Why I Love Verdi
In Its Own Category of Genius
Opera has the power to transport its listeners into another world. All of us who love the art form (that probably includes most of you reading these pages) have experienced powerful emotions during performances of great works, even when the execution may be less than ideal. Inspired melodic line, linked with magical harmonies, can bypass our thinking processes and penetrate our souls with emotion, especially when infused with the visceral vocal timbre of the human voice. History’s top-drawer opera composers seem to share an aptitude for honing in on this combination. Maybe that’s why they’re considered the “top”—Handel, Mozart, Weber, Bellini, Puccini, Wagner, Strauss—the list goes on (but not at all endlessly).
In its own category of genius is the spiritual impact of Giuseppe Verdi’s overwhelming talent. What sets this great composer apart? As his works have been showcased over many years by Sarasota Opera, and the high level of those productions is constantly reconfirmed on an international level, I ask your indulgence if I humbly attempt to answer my own question.
Maestro Verdi lived the life that he depicts in his operas, and his music paints the colors of his joys, sadness, his disappointments and his longings. Many of his greatest moments paint the interaction between fathers and children (great duets of Simon Boccanegra and his long-lost daughter Maria, of Miller and his daughter Luisa, Amonasro/Aïda, etc.), and between parent figures and their children (Germont and Violetta, Foscari, Giovanna d’Arco etc.).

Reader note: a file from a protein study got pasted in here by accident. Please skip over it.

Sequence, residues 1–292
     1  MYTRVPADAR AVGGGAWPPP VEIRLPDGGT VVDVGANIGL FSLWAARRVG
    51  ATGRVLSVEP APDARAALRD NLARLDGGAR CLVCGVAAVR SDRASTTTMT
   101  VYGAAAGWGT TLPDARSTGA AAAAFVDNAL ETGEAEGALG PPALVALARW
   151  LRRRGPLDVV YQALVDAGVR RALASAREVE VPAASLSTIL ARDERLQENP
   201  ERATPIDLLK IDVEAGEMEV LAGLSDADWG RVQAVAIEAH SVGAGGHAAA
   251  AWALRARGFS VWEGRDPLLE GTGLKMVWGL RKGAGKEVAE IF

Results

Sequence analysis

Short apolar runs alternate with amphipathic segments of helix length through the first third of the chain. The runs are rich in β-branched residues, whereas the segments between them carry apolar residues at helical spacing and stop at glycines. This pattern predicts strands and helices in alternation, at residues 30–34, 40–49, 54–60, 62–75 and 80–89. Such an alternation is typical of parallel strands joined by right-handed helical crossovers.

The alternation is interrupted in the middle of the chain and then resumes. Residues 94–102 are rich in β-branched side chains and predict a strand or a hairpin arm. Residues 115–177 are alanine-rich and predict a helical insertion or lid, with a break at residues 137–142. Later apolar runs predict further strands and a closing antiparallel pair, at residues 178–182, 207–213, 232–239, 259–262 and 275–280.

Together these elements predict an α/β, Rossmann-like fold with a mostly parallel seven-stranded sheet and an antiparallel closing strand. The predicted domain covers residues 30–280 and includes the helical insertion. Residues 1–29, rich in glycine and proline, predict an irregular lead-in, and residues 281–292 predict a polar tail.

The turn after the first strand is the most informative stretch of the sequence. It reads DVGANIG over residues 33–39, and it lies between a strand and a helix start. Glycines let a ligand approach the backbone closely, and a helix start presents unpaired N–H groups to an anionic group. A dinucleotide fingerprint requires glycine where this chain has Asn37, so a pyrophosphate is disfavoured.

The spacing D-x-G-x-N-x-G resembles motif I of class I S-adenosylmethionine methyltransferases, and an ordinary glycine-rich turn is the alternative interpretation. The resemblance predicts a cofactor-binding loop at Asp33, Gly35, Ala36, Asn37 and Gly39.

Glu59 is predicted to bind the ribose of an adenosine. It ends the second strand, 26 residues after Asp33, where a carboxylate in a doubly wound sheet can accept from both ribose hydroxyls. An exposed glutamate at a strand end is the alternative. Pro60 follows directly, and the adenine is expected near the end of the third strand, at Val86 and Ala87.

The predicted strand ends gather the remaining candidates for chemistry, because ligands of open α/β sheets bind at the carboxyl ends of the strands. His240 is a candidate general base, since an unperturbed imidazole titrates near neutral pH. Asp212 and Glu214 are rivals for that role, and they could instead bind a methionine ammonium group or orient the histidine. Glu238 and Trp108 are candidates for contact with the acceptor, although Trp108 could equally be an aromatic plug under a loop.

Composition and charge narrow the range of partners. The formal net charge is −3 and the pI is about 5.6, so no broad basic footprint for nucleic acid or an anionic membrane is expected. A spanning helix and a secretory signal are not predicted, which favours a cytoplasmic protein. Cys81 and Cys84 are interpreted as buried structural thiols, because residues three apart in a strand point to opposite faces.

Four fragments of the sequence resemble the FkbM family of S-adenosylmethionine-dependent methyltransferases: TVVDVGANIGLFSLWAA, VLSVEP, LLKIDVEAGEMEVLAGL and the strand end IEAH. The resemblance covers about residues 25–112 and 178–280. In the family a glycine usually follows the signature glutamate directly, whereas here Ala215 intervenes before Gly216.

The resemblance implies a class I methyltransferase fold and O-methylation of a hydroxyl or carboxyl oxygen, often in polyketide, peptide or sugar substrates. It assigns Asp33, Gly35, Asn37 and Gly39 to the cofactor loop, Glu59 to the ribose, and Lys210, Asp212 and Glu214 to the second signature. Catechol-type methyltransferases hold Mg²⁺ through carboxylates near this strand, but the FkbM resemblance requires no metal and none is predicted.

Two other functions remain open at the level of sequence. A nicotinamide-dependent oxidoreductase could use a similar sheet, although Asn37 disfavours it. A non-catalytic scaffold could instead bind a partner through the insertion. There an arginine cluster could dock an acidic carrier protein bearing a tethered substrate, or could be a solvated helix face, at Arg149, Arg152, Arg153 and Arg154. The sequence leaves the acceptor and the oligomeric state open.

A key to appreciation of these great moments may be the superior simplicity of melodic means, and harmonic efficiency that Verdi employs: When Violetta Valery agrees to relinquish the love of her life in order to provide happiness to an unknown girl who actually knows and enjoys the love of a father, we hear Verdi’s own yearning for the daughter that he could only wish to be able to embrace. Violetta’s joy, hope and fear strike us on a primal level, and it’s likely that Verdi invented this musical moment (“Dite alla giovine”) without having to engage his intellect; just by writing from the heart. Later in the same scene, Violetta asks Germont to embrace her as if she were his daughter. There is almost no harmony to the phrase, the vocal line is ultimately simple, and smiling, but the power of Verdi’s emotion is unbearable. The music leads us to wonder if he spent his life in guilt for the death of his two children, and composed partly in the hope of bringing them back to life.
Asked years ago to pick my single favorite measure of music in all the Verdi repertoire, I still vote for the same choice. Rigoletto, Act II (OK, it’s two measures), sung by Gilda: “Padre, in voi parla un angel consolator”. “Father, my consoling angel speaks through your voice”.
Wishing to Maestro Victor DeRenzi and all the staff of the Sarasota Opera many years of continued triumphs. And as for running out of Verdi operas, I say, “Heck, start again at the top!”
(Eugene Kohn began performing in public in the early 1970’s as recital accompanist to some of opera’s greatest stars: Renata Tebaldi, Giuseppe DiStefano, Franco Corelli, Maria Callas, and Luciano Pavarotti. He studied conducting with Fausto Cleva, and had the good fortune to work his symphonic repertoire both Erich Leinsdorf and Thomas Schippers. Following his MET debut in 1980, Kohn debuted at several major opera houses (Vienna, Hamburg, Berlin (both), Buenos Aires, Barcelona, Rome, Naples, etc), and has held permanent positions as Principal Guest Conductor at the Bonn Opera and Music Director of the Puerto Rico Symphony. Still enjoying a close musical association with Plácido Domingo, Kohn is kept busy conducting concerts as well for Andrea Bocelli and for Anna Netrebko. He has recorded for EMI, Decca, and Sony.)